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Two Kinds, Part Two

Two Kinds

Amy Tan

Part two

For the talent show, I was to play a piece called «Pleading Child» from Schumann's Scenes from Childhood. It was a simple, moody piece that sounded more difficult than it was. I was supposed to memorize the whole thing, playing the repeat parts twice to make the piece sound longer. But I dawdled over it, playing a few bars and then cheating,

looking up to see what notes followed. I never really listened to what I was playing. I daydreamed about being somewhere else, about being someone else.

The part I liked to practise best was the fancy curtsy: right foot out, touch the rose on the carpet with a pointed foot, sweep to the side, left leg bends, look up and smile.

My parents invited all the couples from the Joy Luck Club to witness my debut. Auntie Lindo and Uncle Tin were there. Waverly and her two older brothers had also come. The first two rows were filled with children both younger and older than I was. The littlest ones got to go first. They recited simple nursery rhymes, squawked out tunes on miniature violins, twirled Hula-Hoops, pranced in pink ballet tutus, and when they bowed or curtsied, the audience would sigh in unison, «Awww,» and then clap enthusiastically.

When my turn came, I was very confident. I remember my childish excitement. It was as if I knew, without a doubt, that the prodigy side of me really did exist. I had no fear whatsoever, no nervousness. I remember thinking to myself, This is it! This is it!

And I started to play. It was so beautiful. I was so caught up in how lovely I looked that at first I didn't worry how I would sound. So it was a surprise to me when I hit the first wrong note and I realized something didn't sound quite right. And then I hit another and another followed that. A chill started at the top of my head and began to trickle down. Yet I couldn't stop playing, as though my hands were bewitched. I played this strange jumble through two repeats, the sour notes staying with me all the way to the end.

When I stood up, I discovered my legs were shaking. Maybe I had just been nervous and the audience, like Old Chong, had seen me go through the right motions and had not heard anything wrong at all. I swept my right foot out, went down on my knee, looked up and smiled. The room was quiet, except for Old Chong, who was beaming and shouting, «Bravo! Bravo! Well done!» And then I saw my mother's face, her stricken face. The audience clapped weakly, and as I walked back to my chair, with my whole face quivering as I tried not to cry, I heard a little boy whisper loudly to his mother, «That was awful,» and the mother whispered back, «Well, she certainly tried.»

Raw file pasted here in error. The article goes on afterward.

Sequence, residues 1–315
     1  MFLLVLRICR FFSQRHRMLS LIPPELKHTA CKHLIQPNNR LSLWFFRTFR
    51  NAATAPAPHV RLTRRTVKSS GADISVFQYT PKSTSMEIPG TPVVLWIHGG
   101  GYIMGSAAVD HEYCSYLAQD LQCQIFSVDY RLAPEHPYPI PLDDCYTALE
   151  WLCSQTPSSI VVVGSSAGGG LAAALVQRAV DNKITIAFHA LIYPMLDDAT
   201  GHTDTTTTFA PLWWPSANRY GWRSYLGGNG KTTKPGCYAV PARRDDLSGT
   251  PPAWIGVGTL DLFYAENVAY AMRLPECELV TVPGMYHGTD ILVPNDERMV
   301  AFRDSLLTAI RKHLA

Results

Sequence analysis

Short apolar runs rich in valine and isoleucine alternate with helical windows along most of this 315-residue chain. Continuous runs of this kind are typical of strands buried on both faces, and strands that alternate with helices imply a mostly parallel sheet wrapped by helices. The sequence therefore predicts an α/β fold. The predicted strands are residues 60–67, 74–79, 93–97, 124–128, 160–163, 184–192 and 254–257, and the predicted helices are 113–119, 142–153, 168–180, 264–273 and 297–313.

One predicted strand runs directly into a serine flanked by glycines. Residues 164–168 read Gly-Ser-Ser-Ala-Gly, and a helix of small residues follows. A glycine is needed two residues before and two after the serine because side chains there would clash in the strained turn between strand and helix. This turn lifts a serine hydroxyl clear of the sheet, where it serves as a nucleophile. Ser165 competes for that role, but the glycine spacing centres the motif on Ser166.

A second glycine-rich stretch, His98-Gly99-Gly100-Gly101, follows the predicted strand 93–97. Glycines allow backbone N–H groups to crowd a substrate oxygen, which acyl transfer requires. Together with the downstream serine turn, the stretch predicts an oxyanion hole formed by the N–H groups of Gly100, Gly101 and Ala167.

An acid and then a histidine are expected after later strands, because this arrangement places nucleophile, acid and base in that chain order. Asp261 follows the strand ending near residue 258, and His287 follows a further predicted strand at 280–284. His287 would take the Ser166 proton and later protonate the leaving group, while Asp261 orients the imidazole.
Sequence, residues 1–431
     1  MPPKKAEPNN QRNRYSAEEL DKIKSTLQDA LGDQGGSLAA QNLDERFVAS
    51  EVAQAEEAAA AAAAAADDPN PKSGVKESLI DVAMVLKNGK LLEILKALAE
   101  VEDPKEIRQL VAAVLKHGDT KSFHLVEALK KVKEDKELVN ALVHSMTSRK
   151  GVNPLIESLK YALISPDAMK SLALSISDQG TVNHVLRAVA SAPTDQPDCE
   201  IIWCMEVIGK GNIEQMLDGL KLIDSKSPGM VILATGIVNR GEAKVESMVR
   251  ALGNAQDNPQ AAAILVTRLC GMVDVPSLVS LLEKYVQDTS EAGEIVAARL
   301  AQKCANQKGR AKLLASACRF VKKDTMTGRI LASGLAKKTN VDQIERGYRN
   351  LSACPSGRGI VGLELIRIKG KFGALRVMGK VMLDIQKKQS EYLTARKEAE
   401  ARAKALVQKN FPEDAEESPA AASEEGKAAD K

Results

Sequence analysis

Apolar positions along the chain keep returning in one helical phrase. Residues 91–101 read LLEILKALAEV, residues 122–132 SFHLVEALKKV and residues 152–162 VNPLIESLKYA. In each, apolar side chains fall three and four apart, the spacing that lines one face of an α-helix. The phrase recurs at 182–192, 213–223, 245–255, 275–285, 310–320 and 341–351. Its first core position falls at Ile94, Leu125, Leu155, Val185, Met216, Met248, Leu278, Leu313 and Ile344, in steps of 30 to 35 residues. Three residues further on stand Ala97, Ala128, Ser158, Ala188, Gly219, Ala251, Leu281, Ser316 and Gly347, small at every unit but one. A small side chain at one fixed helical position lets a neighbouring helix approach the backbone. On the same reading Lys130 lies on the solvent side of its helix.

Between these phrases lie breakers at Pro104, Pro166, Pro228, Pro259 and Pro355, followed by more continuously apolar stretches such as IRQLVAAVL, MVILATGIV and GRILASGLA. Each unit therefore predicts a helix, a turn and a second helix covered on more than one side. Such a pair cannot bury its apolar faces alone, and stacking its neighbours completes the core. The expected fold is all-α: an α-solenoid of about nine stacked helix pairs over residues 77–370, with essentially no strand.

And now I realized how many people were in the audience, the whole world it seemed. I was aware of eyes burning into my back. I felt the shame of my mother and father as they sat stiffly throughout the rest of the show.

Afterwards, the Hsus, the Jongs, and the St. Clairs from the Joy Luck Club came up to my mother and father. «Lots of talented kids,» Auntie Lindo said vaguely, smiling broadly. «That was somethin' else,» said my father, and I wondered if he was referring to me in a humorous way, or whether he even remembered what I had done. Waverly looked at me and shrugged her shoulders. «You aren't a genius like me, » she said matter-of-factly. And if I hadn't felt so bad, I would have pulled her braids and punched her stomach.

But my mother's expression was what devastated me: a quiet, blank look that said she had lost everything. I felt the same way, and it seemed as if everybody were now coming up, like gawkers at the scene of an accident, to see what parts were actually missing. When we got on the bus to go home, my mother was silent. I kept thinking she wanted to wait until we got home before shouting at me. But when my father unlocked the door to our apartment, my mother walked in and then went to the back, into the bedroom. No accusations. No blame. And in a way, I felt disappointed. I had been waiting for her to start shouting, so I could shout back and cry and blame her for all my misery.

I assumed my talent-show fiasco meant I never had to play the piano again. But two days later, after school, my mother came out of the kitchen and saw me watching TV. «Four 0' clock, » she reminded me as if it were any other day. I was stunned, as though she were asking me to go through the talent-show torture again. I wedged myself more tightly in front of the TV.

«Tum off TV, » she called from the kitchen five minutes later. I didn't budge. And then I decided. I didn't have to do what my mother said anymore. I wasn't her slave. This wasn't China. I had listened to her before and look what happened. She was the stupid one. She came out of the kitchen and stood in the arched entryway of the living room. «Four o'clock, » she said once again, louder. «I'm not going to play anymore, » I said nonchalantly. «Why should I? I'm not a genius. » She walked over and stood in front of the TV. I saw her chest was heaving up and down in an angry way. «No! » I said, and I now felt stronger, as if my true self had finally emerged. So this was what had been inside me all along. «No! I won't! » I screamed.